With growing consumer interest in psychedelic travel, mainstream brands are marketing pseudo-psychedelics


Mainstream brands are appropriating the hype around psychedelic medicine to market products that don’t contain any psychedelics, while cashing in on the buzz around terms like “psychedelics” and “microdosing.”

The global mental health crisis has brought substances back into the center of the discussion in what is called “the psychedelic rebirth.” As traditional medicines and conventional therapies have been unable to provide effective treatment for many, psychedelics are being tested in clinical trials for their therapeutic ability to help cure various mental health conditions.

Still, there is something to keep in mind for those eager to have a psychedelic experience or delve further into creative states: While clinical studies are advancing rapidly, the setting for virtually all psychedelics is, at this day, again federal illegal. The only exception so far, are therapeutic parameters governed by state-wide measures, as in Oregon.

If not, there is no way to legally obtain a psychedelic – psilocybin, MDMA, LSD, or DMT – to use in everyday life.

The current supply of the microdose market

As david hodes reports in his recent Green Market Report article, many mushroom products are beginning to flood the market, also targeting the audience for microdosing psychedelics.

Hodes’ research led him to find a brand producing what they call “psychedelic water“, a combination of kava root, damiana leaf and green tea leaf extract that creates “a feeling of euphoria for a hangover-free experience”, while containing no psychedelic substances.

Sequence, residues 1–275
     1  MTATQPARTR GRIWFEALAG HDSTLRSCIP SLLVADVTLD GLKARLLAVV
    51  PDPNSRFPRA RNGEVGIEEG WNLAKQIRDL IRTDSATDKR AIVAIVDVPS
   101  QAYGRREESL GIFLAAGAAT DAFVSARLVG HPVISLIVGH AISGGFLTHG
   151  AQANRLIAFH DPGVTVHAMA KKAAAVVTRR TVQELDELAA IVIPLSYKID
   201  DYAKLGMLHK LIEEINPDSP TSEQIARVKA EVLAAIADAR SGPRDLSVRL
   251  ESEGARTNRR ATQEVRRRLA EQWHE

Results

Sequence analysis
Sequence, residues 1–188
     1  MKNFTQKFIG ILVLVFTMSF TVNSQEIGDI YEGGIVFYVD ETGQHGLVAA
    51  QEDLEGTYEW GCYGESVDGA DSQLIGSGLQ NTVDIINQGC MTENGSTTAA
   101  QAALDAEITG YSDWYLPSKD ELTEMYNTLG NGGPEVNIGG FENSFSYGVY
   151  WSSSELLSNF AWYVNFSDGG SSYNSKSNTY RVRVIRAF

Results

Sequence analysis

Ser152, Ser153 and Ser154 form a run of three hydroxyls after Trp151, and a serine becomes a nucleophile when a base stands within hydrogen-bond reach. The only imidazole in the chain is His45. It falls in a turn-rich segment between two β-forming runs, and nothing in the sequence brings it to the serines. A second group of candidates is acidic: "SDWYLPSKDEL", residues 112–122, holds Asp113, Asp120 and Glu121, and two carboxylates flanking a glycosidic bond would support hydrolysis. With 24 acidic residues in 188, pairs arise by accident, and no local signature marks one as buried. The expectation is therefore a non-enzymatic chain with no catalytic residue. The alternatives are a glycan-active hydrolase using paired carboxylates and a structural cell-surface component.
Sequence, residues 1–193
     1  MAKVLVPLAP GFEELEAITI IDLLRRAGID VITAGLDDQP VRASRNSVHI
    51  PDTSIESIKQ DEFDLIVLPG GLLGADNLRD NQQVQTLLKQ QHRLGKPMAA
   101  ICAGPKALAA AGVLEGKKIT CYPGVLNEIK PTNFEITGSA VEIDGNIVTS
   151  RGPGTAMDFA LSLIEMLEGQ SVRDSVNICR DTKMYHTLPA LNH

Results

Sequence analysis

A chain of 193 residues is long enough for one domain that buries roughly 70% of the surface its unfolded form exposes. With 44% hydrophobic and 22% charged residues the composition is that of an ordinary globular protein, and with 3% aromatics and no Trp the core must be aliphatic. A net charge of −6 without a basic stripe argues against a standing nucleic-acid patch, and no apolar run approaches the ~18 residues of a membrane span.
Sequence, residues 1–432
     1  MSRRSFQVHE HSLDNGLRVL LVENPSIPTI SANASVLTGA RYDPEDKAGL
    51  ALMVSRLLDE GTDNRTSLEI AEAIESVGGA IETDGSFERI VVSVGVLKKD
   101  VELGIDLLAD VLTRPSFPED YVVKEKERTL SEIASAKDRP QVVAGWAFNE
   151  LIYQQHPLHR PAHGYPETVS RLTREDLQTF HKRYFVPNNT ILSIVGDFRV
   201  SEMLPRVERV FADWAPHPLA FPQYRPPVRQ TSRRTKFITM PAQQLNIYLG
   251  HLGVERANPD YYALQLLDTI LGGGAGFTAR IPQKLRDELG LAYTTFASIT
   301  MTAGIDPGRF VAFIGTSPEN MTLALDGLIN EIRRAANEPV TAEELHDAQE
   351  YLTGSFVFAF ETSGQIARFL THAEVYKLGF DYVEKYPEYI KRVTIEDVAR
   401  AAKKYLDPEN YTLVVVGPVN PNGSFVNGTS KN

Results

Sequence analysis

Several companies promise a “magical” experience with their mushroom blends, when there is nothing in these products that will induce a true psychedelic trip. Simply put, they don’t have hallucinogenic properties.

Their constitution is the result of a mixture of mycelium, fruiting bodies, masala chai, chaga, reishi, cordyceps, lion’s mane, cocoa, turmeric, cinnamon, sea salt and even caffeine. On the bright side, many of these non-psychedelic mushrooms have health benefits, such as relieving stomach pain or boosting the immune system.

Nevertheless, according to user reviews, some of the products achieve results similar to those produced by psychedelics: energy, focus, calming moments, relaxation or euphoria. A kind of cerebral stimulant without the tense effect usually found in coffee.

Psychedelic experience from natural plants

According to Hodes, true natural springs provide a true psychedelic experience: the “herbal highs,” most still legal with differences in safety and effectiveness. The list includes mad darlingan intoxicating drug from Nepal used as an aphrodisiac; lysergamide (LSA), a seed producing effects similar to those of LSD; and amanita muscaria mushroomswhich can cause hallucinations as well as coma and death.

This shows an existing legal variant of psychedelic experiences for those researching, while the most popular psychedelics currently in clinical trials (MDMA, LSD, psilocybin, DMT) are showing positive results in research.

Photo courtesy of Ketut Subiyanto on Pexels.

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